Columbia State evacuated again after woman faints
A student at Columbia State Community College apparently fainted on campus Friday and, given the leak of carbon monoxide eight days earlier, campus leaders took no chances and evacuated the Ellington Parkway building.
"To the best of our knowledge, a student at our Lewisburg campus building fainted..." college spokesman Paul Hickey said. The Marshall County Emergency Medical Service "was contacted, as well as the student's parents. We have been told it is likely the student has a pre-existing medical condition unrelated to any issues with the building.
"At this point, no other students have come forward reporting any other symptoms of illness," Hickey said Friday morning. "We have been told this was likely an isolated occurrence unrelated to any occurrence in the building last week."
However, some students who were tested for oxygen levels in their blood before they were allowed back into the building remained skeptical, especially Mark Claxton of Heil Quaker Avenue who was taken to a hospital on April 8.
"I'm not going back in there - not today" Claxton said. "Last week they transported me to Marshal Medical Center because my levels were at 22.5 percent."
Blood oxygen levels measured Friday by paramedics in a Marshall County Emergency Medical Services ambulance were in the high 90s, according to students speaking after they were tested.
"Marshall Medical Center did have three patients present," said Rita Williams, a spokeswoman for Maury Regional Medical Center, the institution that owns Marshall Medical Center, "but none of those patients had signs of carbon monoxide exposure."
Hickey said, "The Fire Department tested the air and the levels were safe.
"The building was cleared at about 9:45 a.m. and classes resumed," Hickey said at 11:15 a.m. Friday. "Students were given the option of being checked out by EMS responders. At this point, no other students have come forward reporting any other symptoms of illness.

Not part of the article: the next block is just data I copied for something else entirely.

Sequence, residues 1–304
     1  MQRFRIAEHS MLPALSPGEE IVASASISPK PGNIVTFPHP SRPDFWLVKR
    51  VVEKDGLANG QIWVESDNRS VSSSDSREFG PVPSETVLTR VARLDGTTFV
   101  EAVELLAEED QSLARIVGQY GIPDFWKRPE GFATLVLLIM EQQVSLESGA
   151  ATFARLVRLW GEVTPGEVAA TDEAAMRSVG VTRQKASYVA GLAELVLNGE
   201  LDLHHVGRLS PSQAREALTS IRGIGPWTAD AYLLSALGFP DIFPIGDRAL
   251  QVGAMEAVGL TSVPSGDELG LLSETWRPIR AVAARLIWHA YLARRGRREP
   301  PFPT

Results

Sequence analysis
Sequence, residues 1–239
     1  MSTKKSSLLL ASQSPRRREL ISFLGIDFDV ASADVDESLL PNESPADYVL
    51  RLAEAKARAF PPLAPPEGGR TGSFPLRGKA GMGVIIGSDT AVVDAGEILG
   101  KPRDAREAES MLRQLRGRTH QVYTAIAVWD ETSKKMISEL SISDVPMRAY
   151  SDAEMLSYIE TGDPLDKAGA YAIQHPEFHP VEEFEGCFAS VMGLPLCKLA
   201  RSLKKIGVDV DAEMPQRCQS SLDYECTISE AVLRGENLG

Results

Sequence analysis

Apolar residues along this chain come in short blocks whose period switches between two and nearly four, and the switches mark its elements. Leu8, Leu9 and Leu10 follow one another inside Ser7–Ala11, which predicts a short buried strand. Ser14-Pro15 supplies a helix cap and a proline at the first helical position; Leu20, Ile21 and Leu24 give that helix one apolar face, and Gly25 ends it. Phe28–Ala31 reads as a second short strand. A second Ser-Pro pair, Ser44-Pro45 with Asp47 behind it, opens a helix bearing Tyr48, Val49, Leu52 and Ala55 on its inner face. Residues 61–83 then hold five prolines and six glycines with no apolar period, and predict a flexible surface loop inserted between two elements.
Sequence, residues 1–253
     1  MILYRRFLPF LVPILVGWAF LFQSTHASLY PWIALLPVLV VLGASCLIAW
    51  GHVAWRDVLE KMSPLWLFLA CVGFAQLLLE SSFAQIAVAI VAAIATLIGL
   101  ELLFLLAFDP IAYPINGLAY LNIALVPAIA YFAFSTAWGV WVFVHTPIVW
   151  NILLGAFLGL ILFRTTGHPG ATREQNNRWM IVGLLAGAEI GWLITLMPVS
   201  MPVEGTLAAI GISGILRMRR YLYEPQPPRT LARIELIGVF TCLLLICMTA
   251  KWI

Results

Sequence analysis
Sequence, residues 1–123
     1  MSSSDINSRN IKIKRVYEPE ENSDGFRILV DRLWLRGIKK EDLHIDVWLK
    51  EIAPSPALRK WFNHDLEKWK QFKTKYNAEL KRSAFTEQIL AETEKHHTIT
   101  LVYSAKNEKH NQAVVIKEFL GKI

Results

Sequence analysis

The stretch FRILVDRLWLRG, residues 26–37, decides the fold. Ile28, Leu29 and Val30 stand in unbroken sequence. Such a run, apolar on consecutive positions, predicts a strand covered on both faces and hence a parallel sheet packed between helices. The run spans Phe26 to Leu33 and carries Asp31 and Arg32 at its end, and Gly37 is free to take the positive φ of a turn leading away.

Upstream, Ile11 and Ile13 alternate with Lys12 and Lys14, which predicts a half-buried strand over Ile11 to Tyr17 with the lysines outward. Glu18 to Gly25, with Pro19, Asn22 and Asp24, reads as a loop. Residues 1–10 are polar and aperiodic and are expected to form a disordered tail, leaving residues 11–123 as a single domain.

"We have been told this was likely an isolated occurrence unrelated to any occurrence in the building last week."
As a result, Friday's incident seems to have been a result of an abundance of caution out of concern for the previous week's measurement of fumes. A city carbon monoxide gas sensor measured 350 parts per million of carbon monoxide in the building on April 8. Sustained CO levels above 200 ppm can cause disorientation, unconsciousness and possibly death while 9 ppm is an acceptable level.
"I'm still feeling the effects from last week," Claxton said Friday. "The doctor said 'That's normal,' but last week there was a lot of nausea feeling and it was like your head was being twisted from both directions. It was like you got a hangover before you started drinking."
Claxton said he was taken to the hospital with one of the campus maintenance men and several days later - Claxton named Wednesday, April 14, carbon monoxide detectors had been installed.
"I have one in my house," he said. "It's a $10 piece of equipment that could save your life."
Two girls being tested in one of the ambulances on campus Friday morning said they wanted to go to the hospital and shortly thereafter they were transported.
Meanwhile, Paige Lewandowski of Chapel Hill and Brieanna Clark of Lincoln County were healthy. They were in a social studies class when somebody came to the door and advised their teacher they'd be evacuated.
"How ironic," Lewandowski said of studying social problems when they were evacuated.
Lewandowski is a senior at Forrest High School taking college classes at CSCC.
A measuring device was clipped to the students' fingers and a built-in light was beamed from one side of the clip to the other to measure oxygen saturation in blood cells, according to Steve Callahan, an assistant director of the EMS.
Vietnam War veteran Glenn Butler of Cummings Circle said, "I don't want to be triggered to a flashback...
"They assured us that it was fixed," Butler said. "I've got the e-mail that classes were cancelled Thursday and Friday," April 8 and 9.
Classes weren't cancelled last week, but Butler said it was campus administrator Elizabeth McDow who came to his classroom calling for evacuation, and then, "We knew it was an emergency.
"If I had children coming here, I'd want them protected like that," Butler said. "They do look after our best interests. They assured us that it was fixed. Prayerfully, they'll get it worked out. I think it will be all right."
Blaze Prince reported her blood oxygen level at 96 percent. Tabatha Jenkins said hers was 99 percent.
Claxton said his was 97 percent Friday, up 74.5 percentage points in eight days. He also said he'd spoken with a Columbia-based attorney about his circumstances.
Hickey estimated the "timeline" of Friday's incident at "approximately 8:45 to 9:45 a.m."
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